Freedom of Information Now!

Freedom of Information now!

Yes, Sri Lanka needs a law that addresses the issue freedom of information. While professional groups are toiling to craft the legal enactments I suspect political party leaders are smirking or better, sighing a deep sigh of relief, safe yet again! A good misdirection! Perhaps it is.

Sharing information about public actions of government is necessary for a robust democracy. What public men and women do has to be known to the citizens for them to make informed judgments, weigh the benefits to their communities and families and to themselves and comment on this pubic conduct. A healthy flow of information is vital to all societies. Market economies depend on and thrive on a large variety of information. What is healthy and what is not depends for whom and on many things. Funeral parlors and crematoria require a healthy flow of dead bodies! But there is a Goldilocks point, not too much and not too little.

How much information do we need?

All information from bug infestations in crops in some hapless nation to airlines that cannot keep to their schedules are grist to the mill and result in adjustments, frenzied phone calls and then some buying and selling. Some of us run away or limp away with the impression that all information is good like all truth, and more the better. Till we look around and find out that there are new armies that have sprung up to interpret the information that we have created and that there are schools of thought on the veracity of the analysis and more reports and conferences and workshops and journals, some of it good and much of it trash that littler the information highway that sometimes experiences gridlock. Then there is the swirling mess of advertisements and messages and banners and tweets that confuse and confound us. Then there are the experts and more experts emerge. And the freedom of information act, it is necessary but what is it about?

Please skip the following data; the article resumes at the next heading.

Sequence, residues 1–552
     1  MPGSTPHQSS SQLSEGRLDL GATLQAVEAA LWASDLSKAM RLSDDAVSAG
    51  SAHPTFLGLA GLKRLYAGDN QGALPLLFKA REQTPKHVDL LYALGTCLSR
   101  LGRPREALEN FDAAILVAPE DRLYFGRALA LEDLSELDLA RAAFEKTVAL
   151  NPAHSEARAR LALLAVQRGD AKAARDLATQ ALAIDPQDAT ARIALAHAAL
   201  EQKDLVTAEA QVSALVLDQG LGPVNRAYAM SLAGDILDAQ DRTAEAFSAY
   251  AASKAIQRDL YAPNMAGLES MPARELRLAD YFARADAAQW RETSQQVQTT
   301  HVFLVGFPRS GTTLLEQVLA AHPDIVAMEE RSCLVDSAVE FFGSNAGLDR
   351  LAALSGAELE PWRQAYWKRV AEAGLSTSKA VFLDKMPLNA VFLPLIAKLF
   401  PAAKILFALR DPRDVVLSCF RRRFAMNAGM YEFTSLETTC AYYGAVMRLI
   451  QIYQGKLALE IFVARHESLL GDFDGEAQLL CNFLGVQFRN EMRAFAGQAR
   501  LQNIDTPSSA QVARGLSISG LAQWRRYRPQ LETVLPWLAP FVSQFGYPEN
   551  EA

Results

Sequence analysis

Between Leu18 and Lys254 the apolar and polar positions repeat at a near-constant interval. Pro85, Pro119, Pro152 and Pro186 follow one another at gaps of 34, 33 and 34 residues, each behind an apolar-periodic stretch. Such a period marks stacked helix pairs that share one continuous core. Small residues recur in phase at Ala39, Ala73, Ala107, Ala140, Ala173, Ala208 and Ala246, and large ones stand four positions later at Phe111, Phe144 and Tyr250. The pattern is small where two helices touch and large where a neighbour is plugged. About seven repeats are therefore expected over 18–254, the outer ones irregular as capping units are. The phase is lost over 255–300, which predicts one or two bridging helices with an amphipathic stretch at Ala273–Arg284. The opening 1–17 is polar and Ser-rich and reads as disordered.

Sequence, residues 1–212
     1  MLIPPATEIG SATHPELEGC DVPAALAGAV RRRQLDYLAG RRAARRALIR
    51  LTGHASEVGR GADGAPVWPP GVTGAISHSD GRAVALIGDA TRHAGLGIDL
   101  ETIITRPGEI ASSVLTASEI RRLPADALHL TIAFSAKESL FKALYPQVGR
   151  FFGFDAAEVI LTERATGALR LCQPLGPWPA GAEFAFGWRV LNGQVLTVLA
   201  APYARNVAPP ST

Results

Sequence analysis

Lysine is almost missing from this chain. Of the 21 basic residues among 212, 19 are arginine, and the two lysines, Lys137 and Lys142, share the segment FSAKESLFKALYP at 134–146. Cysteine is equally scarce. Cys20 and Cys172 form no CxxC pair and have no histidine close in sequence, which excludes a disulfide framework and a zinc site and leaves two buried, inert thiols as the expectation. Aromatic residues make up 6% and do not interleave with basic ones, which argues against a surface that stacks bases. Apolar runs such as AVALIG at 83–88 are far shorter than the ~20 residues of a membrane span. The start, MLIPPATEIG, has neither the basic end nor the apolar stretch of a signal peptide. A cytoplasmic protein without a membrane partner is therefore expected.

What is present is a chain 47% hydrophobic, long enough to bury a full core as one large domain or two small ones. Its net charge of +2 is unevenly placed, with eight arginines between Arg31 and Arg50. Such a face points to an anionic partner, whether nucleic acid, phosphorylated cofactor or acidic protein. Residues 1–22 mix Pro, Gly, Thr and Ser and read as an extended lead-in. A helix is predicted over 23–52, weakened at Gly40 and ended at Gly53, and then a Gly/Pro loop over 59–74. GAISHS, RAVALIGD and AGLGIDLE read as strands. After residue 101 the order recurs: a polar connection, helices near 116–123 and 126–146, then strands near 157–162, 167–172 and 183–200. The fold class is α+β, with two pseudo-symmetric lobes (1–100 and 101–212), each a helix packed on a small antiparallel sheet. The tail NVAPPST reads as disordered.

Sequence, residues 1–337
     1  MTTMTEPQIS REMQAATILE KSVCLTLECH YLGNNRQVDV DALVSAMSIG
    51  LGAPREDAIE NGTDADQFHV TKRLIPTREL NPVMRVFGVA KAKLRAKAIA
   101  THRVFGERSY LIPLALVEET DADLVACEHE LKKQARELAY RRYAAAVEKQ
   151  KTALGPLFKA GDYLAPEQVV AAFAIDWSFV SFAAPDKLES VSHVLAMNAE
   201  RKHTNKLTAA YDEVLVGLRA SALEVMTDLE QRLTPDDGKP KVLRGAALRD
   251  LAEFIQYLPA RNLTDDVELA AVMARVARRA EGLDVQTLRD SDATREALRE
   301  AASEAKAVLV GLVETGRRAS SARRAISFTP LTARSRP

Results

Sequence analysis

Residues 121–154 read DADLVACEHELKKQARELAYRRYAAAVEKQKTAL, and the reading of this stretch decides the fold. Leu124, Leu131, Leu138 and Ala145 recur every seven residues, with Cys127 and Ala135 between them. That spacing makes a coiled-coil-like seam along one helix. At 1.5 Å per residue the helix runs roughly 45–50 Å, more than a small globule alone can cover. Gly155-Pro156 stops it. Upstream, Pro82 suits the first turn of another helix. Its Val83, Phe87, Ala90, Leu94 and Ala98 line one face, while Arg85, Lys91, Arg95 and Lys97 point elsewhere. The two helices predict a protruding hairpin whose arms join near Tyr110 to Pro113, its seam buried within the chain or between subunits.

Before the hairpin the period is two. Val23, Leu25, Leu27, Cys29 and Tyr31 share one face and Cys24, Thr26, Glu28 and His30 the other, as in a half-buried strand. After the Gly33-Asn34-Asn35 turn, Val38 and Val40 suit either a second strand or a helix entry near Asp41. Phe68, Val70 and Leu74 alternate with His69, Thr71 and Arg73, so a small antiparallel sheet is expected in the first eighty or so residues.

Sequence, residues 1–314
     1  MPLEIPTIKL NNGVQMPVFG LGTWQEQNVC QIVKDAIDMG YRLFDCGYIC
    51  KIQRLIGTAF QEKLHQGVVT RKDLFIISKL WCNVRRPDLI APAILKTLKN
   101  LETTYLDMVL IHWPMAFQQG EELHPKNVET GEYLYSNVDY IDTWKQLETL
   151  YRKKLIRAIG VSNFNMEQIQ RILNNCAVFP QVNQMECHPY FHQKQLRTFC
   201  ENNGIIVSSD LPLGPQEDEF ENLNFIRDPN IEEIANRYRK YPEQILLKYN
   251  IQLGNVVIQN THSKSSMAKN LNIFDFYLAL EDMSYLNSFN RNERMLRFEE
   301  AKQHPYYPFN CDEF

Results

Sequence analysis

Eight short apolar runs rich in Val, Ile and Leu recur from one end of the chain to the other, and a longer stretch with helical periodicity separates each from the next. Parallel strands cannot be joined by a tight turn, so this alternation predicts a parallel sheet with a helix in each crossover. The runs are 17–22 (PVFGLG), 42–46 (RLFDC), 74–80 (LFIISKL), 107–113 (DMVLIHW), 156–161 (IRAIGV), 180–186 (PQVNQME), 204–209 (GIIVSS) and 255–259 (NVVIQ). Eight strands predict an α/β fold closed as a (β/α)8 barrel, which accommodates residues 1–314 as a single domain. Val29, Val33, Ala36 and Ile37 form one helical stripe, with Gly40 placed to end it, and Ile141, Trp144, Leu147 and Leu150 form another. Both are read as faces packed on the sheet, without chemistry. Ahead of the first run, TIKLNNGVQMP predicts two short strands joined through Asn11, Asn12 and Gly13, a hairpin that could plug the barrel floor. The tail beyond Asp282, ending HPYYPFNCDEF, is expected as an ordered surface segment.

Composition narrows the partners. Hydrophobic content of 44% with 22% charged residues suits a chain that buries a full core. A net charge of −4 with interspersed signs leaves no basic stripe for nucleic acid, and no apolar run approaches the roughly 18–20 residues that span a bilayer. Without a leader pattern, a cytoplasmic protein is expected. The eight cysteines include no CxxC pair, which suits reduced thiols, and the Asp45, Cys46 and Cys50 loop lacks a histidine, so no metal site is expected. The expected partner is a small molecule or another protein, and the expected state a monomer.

Information is good but it is not an unmitigated blessing. The wherewithal to process information does not come easy and all of us will not be so moved to troll information troves for the public good or their own good. Just as much as there are libraries, some read more and some read less and those who read more than others do interpret, comment and criticize what they read. The others form opinions based on the comments and so forth. Information is also like that. Everyone will neither have the time nor the ability to read the masses of information that a government produces.

We hope that the markets that emerge to collect information, to analyze it, broadcast it and are all efficient. But is this a hope like other hopes for the kingdom of heaven on earth? Kind of.   There will be more pundits and they will be in the pay of those who wish the information be interpreted this way while others who think the information point to other ways will pay those who will do that and yet more others will, as far as the money will run. Information cannot be costless but to some extent much of it can be a public good. The government can provide the entire body of its enactments, decisions, and treaties to the public. This process has to be created and an Act of Parliament to make it a law. The Act will begin the process but will not guarantee its results or expected outcomes.

Will a FOIA be needed to guarantee Transparency or Accountability?

Much like other enactments that are written and sometimes fixed to walls that do not guarantee that some innocent is bounced off the walls of a police cell because he or she is not forthcoming about something someone else lost, the FOIA too will require diligent oversight. We will need a mechanism or system in place to determine whether the Right to Information is providing information that is needed leading to better outcomes in good governance in the public sector.